TikTok is pushing back against claims of bias in the Israel-Hamas war, after American politicians resumed efforts to ban the app over the apparent popularity of pro-Palestinian content. In a recent open letter, Senator Josh Hawley (R-MO) said that the influx of content critical of Israel could “propagandize Americans.”
Some American politicians blame TikTok for young voters’ support of Palestinians, and insinuate that the platform pushes pro-Palestine content over pro-Israel content — a sentiment that TikTok previously said is “simply false.” Creators who have voiced support for either side of the conflict allege that they’ve been censored; an open letter signed by multiple Jewish TikTok creators accuses TikTok of failing to moderate antisemitism claims that Jewish creators’ posts about Israel aren’t receiving engagement, while many pro-Palestinian creators have encouraged followers to use code words and symbols to avoid content suppression.
The company responded to allegations of bias again this week.
“Blunt comparisons of hashtags are severely flawed and misrepresentative of the activity on TikTok,” the company said in a blog post published Monday. Further in the post, the company stated, “Our recommendation algorithm doesn’t ‘take sides’ and has rigorous measures in place to prevent manipulation.”
The post follows weeks of renewed calls to crack down on the app, which is owned by the Chinese company ByteDance, over national security concerns. In an interview with Sean Hannity last month, Senator Marco Rubio (R-FL) said that young Americans are “amazingly pro-Palestinian [and] pro-Hamas,” and blamed TikTok for the “constant bombardment of information, anti-colonial messaging and all this other ridiculousness.”
Hawley, who has spearheaded efforts to ban the app, came down on TikTok again in an open letter to Treasury Secretary Janet Yellen last week, calling it a “crucial test case” in the app’s “power to radically distort” information. He claimed that analysts attribute the disparity in younger Americans’ support of Palestine in comparison to older generations to the “ubiquity of anti-Israel content on TikTok.” Hawley asserted that the content, like widespread calls for a ceasefire, align with China’s foreign policy, and expressed concern that Americans could be influenced.
Hawley’s letter cites an October 25 X (formerly Twitter) thread by former Tinder executive Jeff Morris Jr., who said he tried to “reverse engineer the TikTok algorithm” and found that “Israel is losing the TikTok war.” He compared the total views for pro-Palestinian hashtags on TikTok to those of pro-Israel hashtags, and claimed that TikTok users are incentivized to post “anti-Israel content” in order to game engagement and increase their following. Morris also posted a screenshot of what he called “anti-Israel bot farms” from the messaging app Telegram, which is not affiliated with TikTok, where users encouraged each other to “ratio” the state of Israel’s account on X, which is also not affiliated with TikTok.
In its initial post appearing to respond to Morris’ thread, TikTok stated that “unsound analysis” of its hashtag data caused some to “falsely insinuate TikTok is pushing pro-Palestine content over pro-Israel content to U.S. users.”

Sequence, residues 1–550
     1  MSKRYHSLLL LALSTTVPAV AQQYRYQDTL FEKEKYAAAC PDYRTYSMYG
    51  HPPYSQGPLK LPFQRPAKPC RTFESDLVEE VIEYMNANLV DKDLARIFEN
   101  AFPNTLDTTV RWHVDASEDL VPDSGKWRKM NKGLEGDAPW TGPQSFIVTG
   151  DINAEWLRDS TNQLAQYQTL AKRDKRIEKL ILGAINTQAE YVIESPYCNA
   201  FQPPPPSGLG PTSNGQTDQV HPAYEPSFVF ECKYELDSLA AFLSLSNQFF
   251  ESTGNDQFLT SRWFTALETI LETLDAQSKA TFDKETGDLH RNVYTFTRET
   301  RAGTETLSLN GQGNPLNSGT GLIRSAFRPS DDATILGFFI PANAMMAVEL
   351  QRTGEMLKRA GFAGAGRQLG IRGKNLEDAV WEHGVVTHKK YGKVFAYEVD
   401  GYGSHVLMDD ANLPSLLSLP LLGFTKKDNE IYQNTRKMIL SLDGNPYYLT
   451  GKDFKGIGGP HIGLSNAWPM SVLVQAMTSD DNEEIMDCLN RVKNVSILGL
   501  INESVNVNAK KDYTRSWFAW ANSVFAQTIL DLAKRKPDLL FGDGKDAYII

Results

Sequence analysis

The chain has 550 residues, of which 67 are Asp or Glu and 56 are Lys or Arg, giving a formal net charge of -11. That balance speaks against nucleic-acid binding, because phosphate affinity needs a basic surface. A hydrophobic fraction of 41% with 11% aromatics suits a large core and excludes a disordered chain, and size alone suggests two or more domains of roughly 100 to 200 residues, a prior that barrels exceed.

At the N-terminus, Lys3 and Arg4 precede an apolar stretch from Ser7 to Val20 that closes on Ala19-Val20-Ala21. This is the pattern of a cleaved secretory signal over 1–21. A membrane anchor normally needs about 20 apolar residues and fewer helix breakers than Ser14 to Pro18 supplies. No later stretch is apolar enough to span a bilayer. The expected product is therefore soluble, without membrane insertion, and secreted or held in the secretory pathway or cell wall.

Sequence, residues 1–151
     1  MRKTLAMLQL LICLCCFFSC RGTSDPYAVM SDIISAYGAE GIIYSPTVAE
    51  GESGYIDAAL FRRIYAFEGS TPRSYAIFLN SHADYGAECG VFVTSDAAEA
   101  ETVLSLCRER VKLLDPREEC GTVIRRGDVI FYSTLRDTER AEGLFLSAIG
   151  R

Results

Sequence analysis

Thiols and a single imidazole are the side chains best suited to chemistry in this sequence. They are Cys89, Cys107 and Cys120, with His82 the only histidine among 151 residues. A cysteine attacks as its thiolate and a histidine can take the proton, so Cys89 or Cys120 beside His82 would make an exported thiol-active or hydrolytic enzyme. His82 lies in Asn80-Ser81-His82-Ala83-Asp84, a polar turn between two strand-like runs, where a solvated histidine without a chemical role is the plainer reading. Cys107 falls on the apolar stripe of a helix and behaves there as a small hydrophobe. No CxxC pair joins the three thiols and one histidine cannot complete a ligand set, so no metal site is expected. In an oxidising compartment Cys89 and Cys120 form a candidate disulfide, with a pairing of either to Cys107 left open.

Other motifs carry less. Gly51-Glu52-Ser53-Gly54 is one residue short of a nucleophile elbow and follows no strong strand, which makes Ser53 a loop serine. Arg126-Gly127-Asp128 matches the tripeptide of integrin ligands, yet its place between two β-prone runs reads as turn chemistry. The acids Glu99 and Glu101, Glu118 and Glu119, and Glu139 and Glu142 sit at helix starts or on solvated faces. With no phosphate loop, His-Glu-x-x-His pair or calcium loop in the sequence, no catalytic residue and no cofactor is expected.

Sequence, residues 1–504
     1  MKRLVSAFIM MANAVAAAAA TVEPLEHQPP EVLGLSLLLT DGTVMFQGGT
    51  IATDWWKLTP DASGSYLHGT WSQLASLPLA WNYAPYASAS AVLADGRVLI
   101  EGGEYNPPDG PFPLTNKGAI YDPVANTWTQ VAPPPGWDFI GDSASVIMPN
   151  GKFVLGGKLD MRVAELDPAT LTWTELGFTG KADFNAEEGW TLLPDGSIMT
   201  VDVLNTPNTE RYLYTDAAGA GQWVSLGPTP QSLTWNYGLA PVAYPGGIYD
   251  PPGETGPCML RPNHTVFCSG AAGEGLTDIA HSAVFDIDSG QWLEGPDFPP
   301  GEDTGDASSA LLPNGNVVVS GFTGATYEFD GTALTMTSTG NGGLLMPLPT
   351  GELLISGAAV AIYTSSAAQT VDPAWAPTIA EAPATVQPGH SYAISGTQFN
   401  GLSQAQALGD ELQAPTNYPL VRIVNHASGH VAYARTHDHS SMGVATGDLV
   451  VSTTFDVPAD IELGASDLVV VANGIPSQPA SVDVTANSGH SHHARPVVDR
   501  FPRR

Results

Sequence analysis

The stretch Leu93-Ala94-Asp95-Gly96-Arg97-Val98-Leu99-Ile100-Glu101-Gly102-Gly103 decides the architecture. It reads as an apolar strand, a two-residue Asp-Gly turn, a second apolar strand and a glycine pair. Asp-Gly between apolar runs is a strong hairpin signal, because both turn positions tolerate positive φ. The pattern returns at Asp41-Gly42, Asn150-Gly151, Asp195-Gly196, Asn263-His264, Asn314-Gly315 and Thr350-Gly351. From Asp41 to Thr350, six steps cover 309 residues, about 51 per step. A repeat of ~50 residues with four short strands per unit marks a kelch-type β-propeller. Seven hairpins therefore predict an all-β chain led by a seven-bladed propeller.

In its follow-up post, TikTok pointed out that users in regions like the Middle East and South East Asia account for a “significant portion” of views on pro-Palestine hashtags. The company also noted that the volume of content related to Palestine and content related to Israel is similar across TikTok, Instagram and Facebook. On Instagram, for example, there are 5.7 million posts tagged #FreePalestine, and 214,000 posts tagged #standwithIsrael. To ensure that its algorithm is “acting as TikTok intends,” the company said, it has given “an unprecedented amount of third-party access” to external auditors.
TikTok’s recommendation algorithm runs by creating a prediction score to rank videos, and checks that recommended content adheres to the community guidelines. In response to the war, TikTok said it launched a command center of resources and personnel, including more moderators who speak Arabic and Hebrew. The company has also cracked down on hateful behavior, misinformation and fake accounts by removing hundreds of thousands of violating videos since October 7.
“The content people see on TikTok is generated by our community and recommendations are based on the content people have previously engaged with,” TikTok continued. “TikTok does not ‘promote’ one side of an issue over another.”
It’s worth noting that in the United States, content about the war may not be as popular as politicians claim. Al Jazeera reports that in the 30 days leading up to November 8, there were roughly 6,000 posts with 55 million views tagged #standwithisrael, and 13,000 with 37 million views tagged #standwithpalestine; 177,000 posts with a collective 946 million views were tagged #freepalestine. Still, none of the tags made it to the top 100 for the month — the app was instead dominated by Halloween content, memes about Ohio and videos about the new “Five Nights at Freddy’s” movie.
And as TikTok pointed out in its blog post, young people have been sympathetic toward Palestine “long before TikTok existed.” Gallup polls dating back to 2009 show that while older generations tend to sympathize more with Israel, Democratic millennials are increasingly more sympathetic toward Palestinians. Gallup polling data also shows that American favorability toward Israel has been falling since 2020 across party lines, with favorability among Democrats falling from 67% in 2020 to 56% in 2023.
“It’s critical to understand that hashtags on the platform are created and added to videos by content creators, not TikTok … It’s easy to cherry pick hashtags to support a false narrative about the platform,” TikTok said.